statement wip (in case it could be read and commented)
Ruins had always been portrayed as wild nature overgrowing on declining architecture. Its ambiguous state showing that it is no longer a work of art (since the original intension of the architect is lost); nor is it a outgrown nature (since the man-made still remains as the basis of the composition).
With ruins being a hybrid of organic and man-made, my project questions the role and position of nature and architecture in this hybrid.
*In Gandy’s Bird’s Eye View of the Bank of England, Soane’s master piece in ruin was encircled by the wild grown nature. As Brenda Colvin described:
“with a little imagination one might visualise a London left to nature’s healing hand … a lost and broken city hidden under a great forest of sycamore.”
Nature and architectural ruins often comes hand in hand, the dramatic effect of the Ivy brought the corpse of architecture across the fine line from the grotesque into the subject of the picturesque.
These picturesque ruins are best viewed in isolation, removed from their original context. The frame of foliage that isolates the Bank of England in Gandy’s painting is replaced by *the boundary of the Theme Park in my Re-con. Within this Theme Park, the architectural ruins of various styles and periods are collapsed and arranged to satisfy the ruin lust of its visitors.
The isolated Theme Park is sub-divided into types of nature and landscape, composing picturesque views of the ruins. Each view is particular and contrived.
*In the region of the Ancient Ruins, the innate beauty of architecture is extracted and framed through decay;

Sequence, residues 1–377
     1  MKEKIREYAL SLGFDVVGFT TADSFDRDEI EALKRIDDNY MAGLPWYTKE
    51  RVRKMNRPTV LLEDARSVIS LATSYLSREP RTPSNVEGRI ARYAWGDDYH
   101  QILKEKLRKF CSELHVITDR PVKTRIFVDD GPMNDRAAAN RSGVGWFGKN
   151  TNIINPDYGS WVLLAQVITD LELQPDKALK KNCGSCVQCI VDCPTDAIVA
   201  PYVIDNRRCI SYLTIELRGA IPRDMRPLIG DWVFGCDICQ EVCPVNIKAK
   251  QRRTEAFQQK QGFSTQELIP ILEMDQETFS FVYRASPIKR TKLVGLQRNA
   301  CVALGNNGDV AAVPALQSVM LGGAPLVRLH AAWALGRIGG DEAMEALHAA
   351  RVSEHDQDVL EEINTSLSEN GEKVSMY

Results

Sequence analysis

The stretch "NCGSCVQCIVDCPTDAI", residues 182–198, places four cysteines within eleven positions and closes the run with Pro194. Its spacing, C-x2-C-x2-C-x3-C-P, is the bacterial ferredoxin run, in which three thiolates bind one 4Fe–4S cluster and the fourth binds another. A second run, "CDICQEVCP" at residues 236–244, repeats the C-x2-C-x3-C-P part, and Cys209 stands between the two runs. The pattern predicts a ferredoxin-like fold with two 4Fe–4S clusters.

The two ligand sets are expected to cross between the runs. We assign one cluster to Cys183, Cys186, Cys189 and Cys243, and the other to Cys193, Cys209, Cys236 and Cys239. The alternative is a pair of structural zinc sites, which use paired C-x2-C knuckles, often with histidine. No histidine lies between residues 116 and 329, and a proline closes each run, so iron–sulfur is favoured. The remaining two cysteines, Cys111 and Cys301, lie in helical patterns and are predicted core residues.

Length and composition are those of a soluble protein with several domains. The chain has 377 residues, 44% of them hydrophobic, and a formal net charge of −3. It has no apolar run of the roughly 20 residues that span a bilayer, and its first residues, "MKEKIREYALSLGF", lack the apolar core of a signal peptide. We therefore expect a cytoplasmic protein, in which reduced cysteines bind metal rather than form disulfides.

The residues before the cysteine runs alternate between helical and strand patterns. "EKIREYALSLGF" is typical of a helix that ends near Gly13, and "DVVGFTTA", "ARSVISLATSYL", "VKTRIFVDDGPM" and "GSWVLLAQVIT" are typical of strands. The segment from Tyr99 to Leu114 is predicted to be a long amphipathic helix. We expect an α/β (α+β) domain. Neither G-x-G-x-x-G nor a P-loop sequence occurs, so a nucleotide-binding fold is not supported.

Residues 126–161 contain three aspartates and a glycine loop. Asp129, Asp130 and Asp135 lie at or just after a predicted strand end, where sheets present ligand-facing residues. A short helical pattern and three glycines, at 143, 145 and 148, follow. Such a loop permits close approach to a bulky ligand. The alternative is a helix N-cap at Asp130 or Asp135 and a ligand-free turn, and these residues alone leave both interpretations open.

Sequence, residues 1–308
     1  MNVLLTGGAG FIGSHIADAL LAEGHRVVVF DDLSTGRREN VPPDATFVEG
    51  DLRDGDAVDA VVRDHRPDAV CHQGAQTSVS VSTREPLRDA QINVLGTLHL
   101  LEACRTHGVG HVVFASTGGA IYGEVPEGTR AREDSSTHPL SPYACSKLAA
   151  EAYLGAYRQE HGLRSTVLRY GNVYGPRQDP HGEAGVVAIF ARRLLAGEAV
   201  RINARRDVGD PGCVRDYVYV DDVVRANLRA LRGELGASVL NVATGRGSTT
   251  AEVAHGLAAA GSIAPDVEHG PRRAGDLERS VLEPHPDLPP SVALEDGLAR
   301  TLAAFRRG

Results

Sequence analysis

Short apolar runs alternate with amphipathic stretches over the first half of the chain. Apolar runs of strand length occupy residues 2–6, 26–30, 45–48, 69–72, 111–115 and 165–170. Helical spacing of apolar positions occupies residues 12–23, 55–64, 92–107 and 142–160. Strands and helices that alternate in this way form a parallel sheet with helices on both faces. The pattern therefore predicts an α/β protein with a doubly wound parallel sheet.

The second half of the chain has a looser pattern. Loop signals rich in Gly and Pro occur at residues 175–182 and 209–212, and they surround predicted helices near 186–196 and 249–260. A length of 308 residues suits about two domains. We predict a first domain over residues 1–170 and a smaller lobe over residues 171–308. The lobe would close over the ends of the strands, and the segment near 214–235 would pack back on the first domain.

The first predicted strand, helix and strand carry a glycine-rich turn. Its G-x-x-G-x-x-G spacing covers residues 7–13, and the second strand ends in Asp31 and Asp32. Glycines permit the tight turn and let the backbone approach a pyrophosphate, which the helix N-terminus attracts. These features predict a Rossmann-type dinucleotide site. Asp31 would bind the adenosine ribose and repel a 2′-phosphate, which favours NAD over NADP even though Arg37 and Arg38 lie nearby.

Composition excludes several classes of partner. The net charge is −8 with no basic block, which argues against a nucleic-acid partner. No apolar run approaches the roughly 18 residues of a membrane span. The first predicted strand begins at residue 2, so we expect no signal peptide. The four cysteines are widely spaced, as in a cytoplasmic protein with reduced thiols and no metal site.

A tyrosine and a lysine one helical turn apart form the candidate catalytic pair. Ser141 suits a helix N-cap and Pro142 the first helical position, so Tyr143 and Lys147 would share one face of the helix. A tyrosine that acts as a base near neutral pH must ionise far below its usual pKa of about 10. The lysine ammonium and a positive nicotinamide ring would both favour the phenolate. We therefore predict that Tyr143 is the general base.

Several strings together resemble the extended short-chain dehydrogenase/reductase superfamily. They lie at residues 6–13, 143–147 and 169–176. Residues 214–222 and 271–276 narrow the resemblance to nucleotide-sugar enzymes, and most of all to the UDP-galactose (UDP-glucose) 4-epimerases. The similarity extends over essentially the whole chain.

*In the regions of Human and Natural Disaster, the remnant of destruction and tragedy is transformed to frame emotional responses;
*In the region of Follies, garden ruins are created for aimless pleasure that are detached from any other emotion.
The isolated Theme Park is detached first by its own barrier to the outside world, and the isolation is continuously formed by the landscape, separating ruins into regions; lastly, each figure of architectural ruin is isolated by the trees from the rest, forming its own separated world within a separated world of ruins.
*The series of views are connected in a loop; a self-repeating scripted route leading visitors around a world overflowing with ruins. Like the follies, this route is aimless, the fixation on ruin formed a barrier restricting the viewers from reaching the architecture. The viewers are being attracted as well as pushed away by the subject of obsession, trapped in orbit in the never-resting Theme Park, unable and unwilling to stop.
As Soane is trapped in orbit around antiquities, Gandy was trapped in a parallel orbit around fantastical visions of the nature-tamed sepulchral architecture.
Through the contrived frame of nature, the various visions of the architects is reflected onto the architectural ruins.
*Standing amongst the follies, with the ancient ruins of the Acropolis and Roman Forum on it background, Soane’s Bank of England is framed as one of the antiquities.